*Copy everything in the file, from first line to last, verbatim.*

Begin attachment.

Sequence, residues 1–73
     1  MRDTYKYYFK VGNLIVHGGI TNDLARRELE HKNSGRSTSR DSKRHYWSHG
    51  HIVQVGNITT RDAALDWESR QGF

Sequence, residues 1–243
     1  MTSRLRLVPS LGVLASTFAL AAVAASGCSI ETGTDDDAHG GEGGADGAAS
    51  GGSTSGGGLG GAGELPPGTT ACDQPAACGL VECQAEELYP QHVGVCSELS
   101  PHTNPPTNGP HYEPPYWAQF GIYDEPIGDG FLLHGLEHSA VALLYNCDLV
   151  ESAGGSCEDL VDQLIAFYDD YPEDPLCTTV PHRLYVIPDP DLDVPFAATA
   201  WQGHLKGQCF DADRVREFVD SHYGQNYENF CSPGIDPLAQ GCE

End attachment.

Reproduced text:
Sequence, residues 1–73
     1  MRDTYKYYFK VGNLIVHGGI TNDLARRELE HKNSGRSTSR DSKRHYWSHG
    51  HIVQVGNITT RDAALDWESR QGF

Sequence, residues 1–243
     1  MTSRLRLVPS LGVLASTFAL AAVAASGCSI ETGTDDDAHG GEGGADGAAS
    51  GGSTSGGGLG GAGELPPGTT ACDQPAACGL VECQAEELYP QHVGVCSELS
   101  PHTNPPTNGP HYEPPYWAQF GIYDEPIGDG FLLHGLEHSA VALLYNCDLV
   151  ESAGGSCEDL VDQLIAFYDD YPEDPLCTTV PHRLYVIPDP DLDVPFAATA
   201  WQGHLKGQCF DADRVREFVD SHYGQNYENF CSPGIDPLAQ GCE